The government did not contribute to a global review of medical cannabis, despite using the same study to justify delays in reviewing laws on the drug, it has been revealed.
Home Office Minister Nick Hurd referred to an ongoing World Health Organisation (WHO) investigation when explaining why a decision on allowing medicinal marijuana to treat epilepsy had yet to be made.
Asked in April how far the government had progressed towards legalising cannabis oil, Hurd told parliament that the government would await the outcome of the WHO review, due in July.
But in a response to a freedom of information request, submitted by a cannabis law reform campaigner and shared with HuffPost UK, the Department of Health admitted it had not participated in the specially-convened study, despite being asked by the WHO to do so.
It comes after confusion over the issue on Monday, when Health Secretary Jeremy Hunt suggested he thought the law should change around medical cannabis, but Prime Minister Theresa May stopped short of backing such a move.
As a member of the WHO, the UK’s health ministers were asked to contribute by filling out a questionnaire on the “status of national control and potential impact of international control” of cannabis.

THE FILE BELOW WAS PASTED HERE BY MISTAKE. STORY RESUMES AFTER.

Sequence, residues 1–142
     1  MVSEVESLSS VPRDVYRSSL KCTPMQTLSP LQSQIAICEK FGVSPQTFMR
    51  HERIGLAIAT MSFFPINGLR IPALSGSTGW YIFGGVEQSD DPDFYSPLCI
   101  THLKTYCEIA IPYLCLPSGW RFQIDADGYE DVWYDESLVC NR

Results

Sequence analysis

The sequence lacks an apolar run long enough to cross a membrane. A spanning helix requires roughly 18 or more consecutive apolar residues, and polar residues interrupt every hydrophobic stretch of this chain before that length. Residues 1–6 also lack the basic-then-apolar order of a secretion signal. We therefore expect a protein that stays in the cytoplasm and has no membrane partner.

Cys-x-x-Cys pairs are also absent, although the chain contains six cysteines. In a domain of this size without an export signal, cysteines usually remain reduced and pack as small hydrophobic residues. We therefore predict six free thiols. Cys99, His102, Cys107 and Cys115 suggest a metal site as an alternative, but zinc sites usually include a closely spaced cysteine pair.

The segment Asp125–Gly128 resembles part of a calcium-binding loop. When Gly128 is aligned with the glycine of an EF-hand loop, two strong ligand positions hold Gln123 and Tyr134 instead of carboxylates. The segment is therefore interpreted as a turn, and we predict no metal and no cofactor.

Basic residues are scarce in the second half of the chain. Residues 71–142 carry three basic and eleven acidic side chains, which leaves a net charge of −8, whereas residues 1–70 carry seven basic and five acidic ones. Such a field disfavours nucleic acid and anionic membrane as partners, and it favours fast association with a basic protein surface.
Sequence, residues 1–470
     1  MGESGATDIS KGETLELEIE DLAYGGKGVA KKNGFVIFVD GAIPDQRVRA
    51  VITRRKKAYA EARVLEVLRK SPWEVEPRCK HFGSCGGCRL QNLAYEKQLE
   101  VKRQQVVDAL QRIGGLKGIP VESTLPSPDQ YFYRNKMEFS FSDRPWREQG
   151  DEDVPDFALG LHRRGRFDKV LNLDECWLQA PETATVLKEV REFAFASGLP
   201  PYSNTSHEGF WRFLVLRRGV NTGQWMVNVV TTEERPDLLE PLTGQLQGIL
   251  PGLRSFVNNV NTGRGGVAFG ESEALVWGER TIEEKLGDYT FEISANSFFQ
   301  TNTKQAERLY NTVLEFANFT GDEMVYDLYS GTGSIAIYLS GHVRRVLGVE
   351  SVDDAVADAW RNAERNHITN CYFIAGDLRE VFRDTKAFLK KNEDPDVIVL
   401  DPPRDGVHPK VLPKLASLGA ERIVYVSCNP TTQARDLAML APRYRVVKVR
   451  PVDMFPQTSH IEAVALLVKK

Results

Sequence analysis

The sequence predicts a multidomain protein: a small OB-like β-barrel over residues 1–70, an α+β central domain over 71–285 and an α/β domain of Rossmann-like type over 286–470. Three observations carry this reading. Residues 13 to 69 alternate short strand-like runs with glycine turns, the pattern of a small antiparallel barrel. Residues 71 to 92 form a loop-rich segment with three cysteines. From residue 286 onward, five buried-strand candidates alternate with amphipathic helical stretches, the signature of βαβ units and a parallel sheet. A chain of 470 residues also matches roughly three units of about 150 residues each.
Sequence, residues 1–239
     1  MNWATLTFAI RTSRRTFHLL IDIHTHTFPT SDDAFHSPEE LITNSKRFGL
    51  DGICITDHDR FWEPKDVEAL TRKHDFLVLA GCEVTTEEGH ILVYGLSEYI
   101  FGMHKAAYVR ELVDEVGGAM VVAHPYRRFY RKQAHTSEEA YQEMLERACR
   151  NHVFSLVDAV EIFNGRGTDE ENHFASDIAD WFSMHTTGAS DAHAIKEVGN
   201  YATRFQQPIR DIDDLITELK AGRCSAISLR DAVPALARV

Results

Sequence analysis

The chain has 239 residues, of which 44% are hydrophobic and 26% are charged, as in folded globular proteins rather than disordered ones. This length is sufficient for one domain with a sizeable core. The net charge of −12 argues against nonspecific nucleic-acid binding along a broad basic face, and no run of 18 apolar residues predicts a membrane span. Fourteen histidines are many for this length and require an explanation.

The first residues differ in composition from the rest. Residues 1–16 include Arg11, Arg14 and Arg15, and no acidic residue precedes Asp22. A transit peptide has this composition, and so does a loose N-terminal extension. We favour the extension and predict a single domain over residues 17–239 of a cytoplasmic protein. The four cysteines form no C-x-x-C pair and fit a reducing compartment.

Member states were, the WHO said, “invited to collaborate, as in the past, in this process by providing accurate information as requested in the questionnaires and concerning substances under review.”
But the Department of Health said in its response to the freedom of information request that it would not participate in the WHO process.
Peter Reynolds, of the cannabis law reform group CLEAR UK, which submitted the FOI, told HuffPost it showed the government’s position on using the drug as a medicine was unravelling.
“The government’s line on cannabis changes in subtle steps as their position becomes ever more ridiculous,” he said. “Ministers have said repeatedly in the Commons that they will wait for the WHO’s committee to report.
“The government has been using the WHO study as its latest flimsy excuse, but the truth is they have already rejected this out of hand. Coupled with that, the idea there is an established process for medicinal cannabis is totally wrong.
“These are bare-faced lies.”
Home Secretary Sajid Javid announced on Saturday he would use emergency powers to grant a temporary Schedule 1 medical licence to 12-year-old Billy Caldwell, who lives with severe epilepsy and had a supply of medicinal cannabis confiscated when his mother attempted to bring it into the UK from Canada.
Caldwell’s condition was described by doctors as “life threatening” on Friday, and he finally received medicinal cannabis oils on Sunday.
His mother, Charlotte Caldwell, has said Billy has not had a seizure since, and that she now wants to meet Javid and May to lobby for a permanent change in the law.
Another young boy with epilepsy, Alfie Dingley, 6, is awaiting the treatment.
Alfie’s mother, Hannah Deacon, said further delay in her son’s treatment with medical cannabis was “cruel”. She told BBC Radio 4′s Today programme that she had received reassurance from May three months ago.
The Department of Health and Social Care had not responded to requests for comment at the time of publication.